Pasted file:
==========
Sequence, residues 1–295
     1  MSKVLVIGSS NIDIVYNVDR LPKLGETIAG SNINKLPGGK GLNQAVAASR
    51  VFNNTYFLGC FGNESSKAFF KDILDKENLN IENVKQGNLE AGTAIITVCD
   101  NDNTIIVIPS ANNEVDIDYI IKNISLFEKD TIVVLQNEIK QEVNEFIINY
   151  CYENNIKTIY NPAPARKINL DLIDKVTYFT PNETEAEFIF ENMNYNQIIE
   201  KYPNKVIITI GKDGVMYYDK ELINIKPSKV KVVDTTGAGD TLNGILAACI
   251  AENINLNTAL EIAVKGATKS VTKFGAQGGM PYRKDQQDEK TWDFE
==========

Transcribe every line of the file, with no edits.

Sequence, residues 1–295
     1  MSKVLVIGSS NIDIVYNVDR LPKLGETIAG SNINKLPGGK GLNQAVAASR
    51  VFNNTYFLGC FGNESSKAFF KDILDKENLN IENVKQGNLE AGTAIITVCD
   101  NDNTIIVIPS ANNEVDIDYI IKNISLFEKD TIVVLQNEIK QEVNEFIINY
   151  CYENNIKTIY NPAPARKINL DLIDKVTYFT PNETEAEFIF ENMNYNQIIE
   201  KYPNKVIITI GKDGVMYYDK ELINIKPSKV KVVDTTGAGD TLNGILAACI
   251  AENINLNTAL EIAVKGATKS VTKFGAQGGM PYRKDQQDEK TWDFE